The maker wrote carefully, making sure each and every letter was impossible to confuse for anything other than what it was. He had weighed and measured the words on a semantic scale so fine it could possibly read minds if it wanted to, and it would be a shame if anything got lost due do an accidental smudge or ambiguity. For a long while, he sculpted the letters, until finally form and content became as one. The words were:
You will soon have your god, and you will make it with your own hands.
Thus, the maker set his final creation in motion.
He looked at himself in the mirror. It always surprised him, the small differences between how he thought of himself and what he saw in his reflection. There was always something new, some unexpected change that defied expectations. He thought about the nature of change and aging for a while, then remembered what he was looking for, and adjusted his tie. When even did he become someone who went to things where you wore ties?
The book was huge. Humongous. Ginormous. Big. Big McLargeHuge. Lorge. If all the words for “gigantic in size” were to suddenly disappear, this book would by its very physical presence both invent and define all the new precepts needed to fill the void. It was, in all senses of the word, huge.
And he had to have read it by tomorrow. All of it. In its entirety. From page one to that imaginary last page way off in the unknowable distance.
He climbed a ladder in order to read the title. The Phenomenology of Spirit.
It was past time to go. If she left right now, she would only be marginally late, the kind of late that could be excused by traffic or weather. But only if she moved now, right this instance.
Then, another reply popped up, and another, and another. Some ridiculously big twitter account had retweeted that one stupid tweet from last year, and it made all the rounds. Ping. Another retweet. Ping. Another fav. Ping ping ping. Replies mentions replies.
She found that she could not move. It was all too much. Too many pings, too many replies. Buzz buzz buzz.
She looked at it closely, from all angles. It didn’t look like a key, and it didn’t seem to have any particular shape she could recognize. Yet when she pressed it against the keypad, the door opened. She tried it twice, thrice, many times, to make sure the thing was what it claimed to be. The door opened each time, as if by a miracle.
If the price of having a new home of her own was getting used to this strange key contraption, she could accept that.
Suddenly, he realized. It snuck up on him, like ideas and insights usually do: he actually enjoyed being stuck in traffic. Especially when he didn’t really need to be anywhere in particular at a particular time. He liked belonging. He could see each and every other driver hindered along their particular journeys from A to B, and he shared their predicament. No one was getting anywhere fast, and so was he.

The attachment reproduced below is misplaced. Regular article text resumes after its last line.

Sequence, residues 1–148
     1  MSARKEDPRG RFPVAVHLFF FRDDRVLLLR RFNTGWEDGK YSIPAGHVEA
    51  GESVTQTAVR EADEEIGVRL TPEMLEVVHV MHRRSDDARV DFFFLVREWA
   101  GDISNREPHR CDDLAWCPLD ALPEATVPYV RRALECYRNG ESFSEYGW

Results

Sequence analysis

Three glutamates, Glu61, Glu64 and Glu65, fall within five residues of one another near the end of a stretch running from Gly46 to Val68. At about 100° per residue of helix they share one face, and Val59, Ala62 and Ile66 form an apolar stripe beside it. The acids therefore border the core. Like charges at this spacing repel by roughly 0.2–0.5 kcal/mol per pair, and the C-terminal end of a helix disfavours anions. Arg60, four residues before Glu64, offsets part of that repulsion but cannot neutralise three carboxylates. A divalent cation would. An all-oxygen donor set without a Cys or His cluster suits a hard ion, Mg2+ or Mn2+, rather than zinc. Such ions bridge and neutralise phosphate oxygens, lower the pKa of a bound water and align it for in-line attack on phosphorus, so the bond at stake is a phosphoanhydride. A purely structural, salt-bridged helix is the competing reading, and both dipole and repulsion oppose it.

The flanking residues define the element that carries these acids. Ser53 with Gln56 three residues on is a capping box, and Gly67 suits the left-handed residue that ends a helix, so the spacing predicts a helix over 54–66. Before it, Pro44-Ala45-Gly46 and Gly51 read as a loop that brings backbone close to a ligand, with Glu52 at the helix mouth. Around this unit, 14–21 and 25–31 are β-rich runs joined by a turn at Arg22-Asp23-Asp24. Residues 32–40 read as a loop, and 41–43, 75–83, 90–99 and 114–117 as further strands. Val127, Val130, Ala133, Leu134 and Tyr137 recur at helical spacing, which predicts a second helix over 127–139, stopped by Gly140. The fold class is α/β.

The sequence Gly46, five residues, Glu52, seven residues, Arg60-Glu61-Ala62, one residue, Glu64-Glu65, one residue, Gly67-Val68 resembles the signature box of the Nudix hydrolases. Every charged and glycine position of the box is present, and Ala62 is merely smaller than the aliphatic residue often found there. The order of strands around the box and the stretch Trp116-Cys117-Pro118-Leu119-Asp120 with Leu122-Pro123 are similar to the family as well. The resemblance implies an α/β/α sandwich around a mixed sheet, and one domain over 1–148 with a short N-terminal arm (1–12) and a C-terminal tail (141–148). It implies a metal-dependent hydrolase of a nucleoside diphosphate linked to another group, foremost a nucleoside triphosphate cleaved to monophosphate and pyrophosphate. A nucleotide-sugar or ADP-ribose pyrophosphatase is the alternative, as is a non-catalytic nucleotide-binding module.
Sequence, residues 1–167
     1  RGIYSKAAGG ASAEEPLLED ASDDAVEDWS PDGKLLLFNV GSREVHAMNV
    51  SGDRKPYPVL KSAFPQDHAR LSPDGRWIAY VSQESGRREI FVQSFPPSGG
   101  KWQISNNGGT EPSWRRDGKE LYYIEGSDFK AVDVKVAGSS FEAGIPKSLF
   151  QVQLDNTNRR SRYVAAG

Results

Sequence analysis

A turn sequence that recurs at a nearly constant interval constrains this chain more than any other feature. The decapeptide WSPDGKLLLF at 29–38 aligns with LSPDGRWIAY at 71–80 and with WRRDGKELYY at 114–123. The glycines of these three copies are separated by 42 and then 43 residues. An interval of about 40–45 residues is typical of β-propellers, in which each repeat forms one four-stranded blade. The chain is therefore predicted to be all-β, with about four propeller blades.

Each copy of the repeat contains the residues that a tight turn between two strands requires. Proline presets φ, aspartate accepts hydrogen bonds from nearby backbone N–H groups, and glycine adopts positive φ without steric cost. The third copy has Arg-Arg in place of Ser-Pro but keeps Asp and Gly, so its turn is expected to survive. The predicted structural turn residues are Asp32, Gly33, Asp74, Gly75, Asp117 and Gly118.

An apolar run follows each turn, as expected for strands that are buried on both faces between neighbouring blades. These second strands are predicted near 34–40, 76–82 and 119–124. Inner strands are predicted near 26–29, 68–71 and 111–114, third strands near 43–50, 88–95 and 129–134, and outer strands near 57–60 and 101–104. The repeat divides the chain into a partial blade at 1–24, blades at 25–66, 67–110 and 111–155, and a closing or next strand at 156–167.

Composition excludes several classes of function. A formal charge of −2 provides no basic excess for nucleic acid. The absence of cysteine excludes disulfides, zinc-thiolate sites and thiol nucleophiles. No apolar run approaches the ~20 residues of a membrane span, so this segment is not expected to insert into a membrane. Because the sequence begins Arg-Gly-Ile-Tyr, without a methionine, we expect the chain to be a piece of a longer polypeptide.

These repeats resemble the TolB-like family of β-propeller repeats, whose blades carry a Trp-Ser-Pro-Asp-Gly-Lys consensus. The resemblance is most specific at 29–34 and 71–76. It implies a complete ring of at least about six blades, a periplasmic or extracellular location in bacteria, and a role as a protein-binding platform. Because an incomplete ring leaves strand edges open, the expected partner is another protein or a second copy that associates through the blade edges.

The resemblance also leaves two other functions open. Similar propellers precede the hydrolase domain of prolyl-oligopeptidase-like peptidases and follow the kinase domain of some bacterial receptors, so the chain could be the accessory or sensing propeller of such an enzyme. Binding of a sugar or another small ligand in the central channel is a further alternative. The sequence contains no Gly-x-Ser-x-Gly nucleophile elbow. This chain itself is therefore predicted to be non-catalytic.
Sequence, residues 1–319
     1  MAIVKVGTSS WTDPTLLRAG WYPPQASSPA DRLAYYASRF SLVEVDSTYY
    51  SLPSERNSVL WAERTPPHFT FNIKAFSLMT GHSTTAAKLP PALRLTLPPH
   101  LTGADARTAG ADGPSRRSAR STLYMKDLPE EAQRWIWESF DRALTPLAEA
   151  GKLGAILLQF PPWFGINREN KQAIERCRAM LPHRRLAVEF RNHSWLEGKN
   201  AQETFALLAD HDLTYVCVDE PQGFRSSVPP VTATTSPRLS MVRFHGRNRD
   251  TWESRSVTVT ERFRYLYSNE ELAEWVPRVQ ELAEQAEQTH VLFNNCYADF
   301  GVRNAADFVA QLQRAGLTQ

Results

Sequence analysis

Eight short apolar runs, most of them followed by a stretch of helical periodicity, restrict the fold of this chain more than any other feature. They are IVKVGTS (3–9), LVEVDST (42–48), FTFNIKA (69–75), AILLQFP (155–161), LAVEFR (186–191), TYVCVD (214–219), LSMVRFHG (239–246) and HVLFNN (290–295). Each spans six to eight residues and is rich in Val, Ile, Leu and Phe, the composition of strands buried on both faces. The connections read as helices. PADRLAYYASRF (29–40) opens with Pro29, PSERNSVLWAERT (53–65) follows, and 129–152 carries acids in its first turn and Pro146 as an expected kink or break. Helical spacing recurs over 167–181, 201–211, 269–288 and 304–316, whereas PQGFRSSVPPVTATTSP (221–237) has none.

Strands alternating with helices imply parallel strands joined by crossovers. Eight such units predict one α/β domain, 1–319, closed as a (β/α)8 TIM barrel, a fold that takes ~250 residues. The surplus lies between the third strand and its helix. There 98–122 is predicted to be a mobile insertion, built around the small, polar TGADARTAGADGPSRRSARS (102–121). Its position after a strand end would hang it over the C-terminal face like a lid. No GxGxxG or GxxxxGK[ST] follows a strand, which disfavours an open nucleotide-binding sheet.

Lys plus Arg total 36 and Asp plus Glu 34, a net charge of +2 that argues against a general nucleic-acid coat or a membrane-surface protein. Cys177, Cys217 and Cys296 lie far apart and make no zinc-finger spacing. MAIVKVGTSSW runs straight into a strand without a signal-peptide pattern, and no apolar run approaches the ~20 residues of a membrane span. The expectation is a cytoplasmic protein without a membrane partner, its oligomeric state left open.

It was a strange realization, and he did not quite know what to do with it.
The message hovered in the inbox. It was at once both good and bad. Good, in that everything was proceeding according to plan. Bad, in that everything was proceeding according to plan. The plan meant she would be gone for a while, but it also meant she would be back. An extra semester would mean she’d finish her masters; but it was a semester at a far-away university. She would be gone. And back again.
The message hovered. Good news, bad news. Sometimes, it is hard to tell the difference.
His ears rang. The concert crowd was beginning to exit the venue, some being in more of a hurry than others. He didn’t know where to go next, and thus were in no hurry to get there. The city streets would be there all night, allowing for plenty of time to explore both the physical and emotional state he was in. It had been a tremendous gig, one of the best, and he didn’t want the moment to end just yet.
Ambivalently, he waved a glow stick in greeting at group of other fans, then decided to stick around for a while. He knew he’d never see such happy faces again.
He trembled. The wording had to be exactly right, lest he blow his one chance at this. Writing in longhand was not something he was used to doing, but he sensed that the gesture of having gone through the effort would count in his favor. He took a deep breath, then reread the printout again. One word at a time, he copied them into manuscript.
After having copied the words, he was exhausted. The only thing left to do was to put the piece of paper into an envelope and post it.
It was gone. All of it. Completely. Nothing of the dirt and dust remained, and the stained glass shone as if made anew. Finally, after all this time, it was possible to make out what all the different pieces were supposed to represent.
It turned out to be bears. Bears engaged in a very unmentionable activity.
She did not expect to find that in a church setting. Yet, for some reason, she was pleasantly surprised.